Am I liable if notes I sell / flip don't perform - Posted by ChuckP

Posted by John Behle on December 14, 1998 at 17:43:24:

People I use have only select clients. From what I’ve seen and read here, Bill Bronchick’s course would be the best bet.

Am I liable if notes I sell / flip don’t perform - Posted by ChuckP

Posted by ChuckP on December 01, 1998 at 18:31:18:


I intend to owner-finance a home-buyer with a 10% down, a 10% Second, and a 80% First.

A note-buyer is willing to buy the First paying 91% of the face value.

The question is: If the home-buyer fail to pay the new note-owner down the road, am I liable for paying him back his money. Is there something I can do to protect myself from that?

Thanks in advance, I am new in this,

Yes - unless you protect yourself - Posted by John Behle

Posted by John Behle on December 03, 1998 at 13:18:48:

Making the note “non-recourse” can help, but may not be saleable. Yet, even being “non-recourse” does not protect the broker or seller of the note.

There is implied recourse in the sale of a note unless you specifically exempt it. So, in this case, let’s say Paul is the payor on the note. Even if you made the note non-recourse with a clause like “the property is the sole security for this note”, the buyer of the note may still be able to hold you liable. It’s a different transaction with different laws that apply.

I’m not saying it wouldn’t help, or that you could possibly find a buyer to buy the note, it just doesn’t address the larger issue or your liablity as a note seller or broker.

Your “endorsement” when you sell the note is what is important here - extremely important. Even if a broker just receives a small commission for brokering a note, they can be held liable for performance on the note. I know of one student for example that took an expensive “Get rich in being a note broker” seminar that made a few hundred dollars brokering a note and then was sued for tens of thousands when the note didn’t perform.

This is one of the problems and risks in brokering notes that most do not understand or protect themselves from.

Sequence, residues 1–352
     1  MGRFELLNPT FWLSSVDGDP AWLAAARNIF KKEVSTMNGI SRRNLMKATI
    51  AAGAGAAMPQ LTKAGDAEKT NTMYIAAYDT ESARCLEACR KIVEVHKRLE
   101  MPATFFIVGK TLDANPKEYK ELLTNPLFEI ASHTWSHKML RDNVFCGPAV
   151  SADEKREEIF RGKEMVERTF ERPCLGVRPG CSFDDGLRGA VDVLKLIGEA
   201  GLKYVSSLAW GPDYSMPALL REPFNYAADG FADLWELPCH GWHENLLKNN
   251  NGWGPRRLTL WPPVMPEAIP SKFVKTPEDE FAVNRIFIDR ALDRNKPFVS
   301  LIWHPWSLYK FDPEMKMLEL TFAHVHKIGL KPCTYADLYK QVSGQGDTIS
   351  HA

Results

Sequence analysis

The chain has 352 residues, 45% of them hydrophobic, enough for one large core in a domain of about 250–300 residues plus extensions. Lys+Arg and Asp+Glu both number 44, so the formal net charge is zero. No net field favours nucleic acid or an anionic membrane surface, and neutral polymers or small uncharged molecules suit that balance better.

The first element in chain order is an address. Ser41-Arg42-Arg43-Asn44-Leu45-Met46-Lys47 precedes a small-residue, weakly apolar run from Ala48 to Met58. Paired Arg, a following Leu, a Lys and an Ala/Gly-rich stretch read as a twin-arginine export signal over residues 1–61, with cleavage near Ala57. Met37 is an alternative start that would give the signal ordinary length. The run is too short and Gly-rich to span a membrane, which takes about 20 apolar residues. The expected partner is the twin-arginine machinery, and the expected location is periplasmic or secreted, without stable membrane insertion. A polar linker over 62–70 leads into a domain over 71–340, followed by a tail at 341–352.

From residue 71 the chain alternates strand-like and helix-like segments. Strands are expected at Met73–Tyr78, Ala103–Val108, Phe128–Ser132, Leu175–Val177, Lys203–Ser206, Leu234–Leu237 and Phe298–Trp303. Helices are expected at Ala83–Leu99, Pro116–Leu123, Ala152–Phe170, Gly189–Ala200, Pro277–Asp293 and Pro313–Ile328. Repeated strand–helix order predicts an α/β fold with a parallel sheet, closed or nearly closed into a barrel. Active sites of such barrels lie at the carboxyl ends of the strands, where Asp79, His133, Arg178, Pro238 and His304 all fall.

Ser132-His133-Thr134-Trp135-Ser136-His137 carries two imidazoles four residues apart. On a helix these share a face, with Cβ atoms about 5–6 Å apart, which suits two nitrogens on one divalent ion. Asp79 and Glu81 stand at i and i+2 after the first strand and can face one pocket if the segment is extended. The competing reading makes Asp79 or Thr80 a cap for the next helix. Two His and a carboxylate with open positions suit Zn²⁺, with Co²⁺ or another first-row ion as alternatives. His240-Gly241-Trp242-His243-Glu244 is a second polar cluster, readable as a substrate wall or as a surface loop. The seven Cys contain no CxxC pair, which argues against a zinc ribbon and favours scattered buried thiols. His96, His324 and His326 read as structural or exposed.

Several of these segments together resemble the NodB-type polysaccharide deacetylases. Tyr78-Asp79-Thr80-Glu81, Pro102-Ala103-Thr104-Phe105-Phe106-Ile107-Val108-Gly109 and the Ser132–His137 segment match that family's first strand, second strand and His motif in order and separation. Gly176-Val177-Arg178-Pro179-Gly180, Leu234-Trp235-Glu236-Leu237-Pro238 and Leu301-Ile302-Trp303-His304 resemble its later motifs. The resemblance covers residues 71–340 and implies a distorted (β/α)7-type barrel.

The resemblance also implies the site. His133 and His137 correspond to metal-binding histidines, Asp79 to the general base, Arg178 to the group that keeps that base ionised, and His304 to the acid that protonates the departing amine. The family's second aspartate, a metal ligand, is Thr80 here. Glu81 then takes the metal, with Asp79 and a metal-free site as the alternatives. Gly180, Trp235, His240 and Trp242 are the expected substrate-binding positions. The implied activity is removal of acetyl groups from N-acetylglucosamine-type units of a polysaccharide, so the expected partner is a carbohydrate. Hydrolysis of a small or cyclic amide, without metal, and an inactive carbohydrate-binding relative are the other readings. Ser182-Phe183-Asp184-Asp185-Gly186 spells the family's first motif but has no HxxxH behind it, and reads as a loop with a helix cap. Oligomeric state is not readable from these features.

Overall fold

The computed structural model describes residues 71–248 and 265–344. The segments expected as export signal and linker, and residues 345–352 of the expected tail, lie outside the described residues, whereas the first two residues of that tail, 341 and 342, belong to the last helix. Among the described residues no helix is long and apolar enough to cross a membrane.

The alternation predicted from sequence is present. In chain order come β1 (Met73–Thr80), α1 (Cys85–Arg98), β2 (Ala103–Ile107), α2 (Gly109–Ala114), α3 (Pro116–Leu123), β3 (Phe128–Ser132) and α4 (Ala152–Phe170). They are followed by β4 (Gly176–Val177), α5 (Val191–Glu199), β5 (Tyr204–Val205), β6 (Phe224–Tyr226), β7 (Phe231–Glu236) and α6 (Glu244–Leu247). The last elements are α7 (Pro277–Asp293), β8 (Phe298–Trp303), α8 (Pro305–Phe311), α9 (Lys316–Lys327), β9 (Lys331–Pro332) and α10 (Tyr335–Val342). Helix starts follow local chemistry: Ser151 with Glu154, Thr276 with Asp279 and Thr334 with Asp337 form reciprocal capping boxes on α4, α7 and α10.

Your “endorsement” should specifically state that there is no recourse to you. This applies if you actually own and then resell the note. If you are just picking up a commission or fee for brokering the note, you still run a risk.

There was a case of fraud a few years ago where a funding company - that didn’t do their homework - and a paper broker - who didn’t do her homework - got into a large lawsuit. Both should have known better. One simple phone call could have prevented the entire mess. It is crucial to know what you are doing to protect yourself from liabilities in this busines. A one week course from a professed informercial guru is not enough.

I don’t mean to say for a moment that it is a risky business or it isn’t easy to protect yourself, just that most people out there do not teach you even the essential basics let alone what you really need to know to succeed and profit.

Make the note NON-Recourse - Posted by Ken

Posted by Ken on December 01, 1998 at 19:13:37:

By the way, depending on credit score of buyer you may be able to do better than 91%

Question for JB - Posted by Jim Simons

Posted by Jim Simons on December 11, 1998 at 13:07:35:

Thanks JB for the post and for being on this forum. I always find your comments very informative and intelligent.

My question is - I know it’s important to protect yourself. What is the best way to find out how to do it? Is there a good course/book on the subject or should you just get your answeres from an RE Attorney.

Thanks JB and God Bless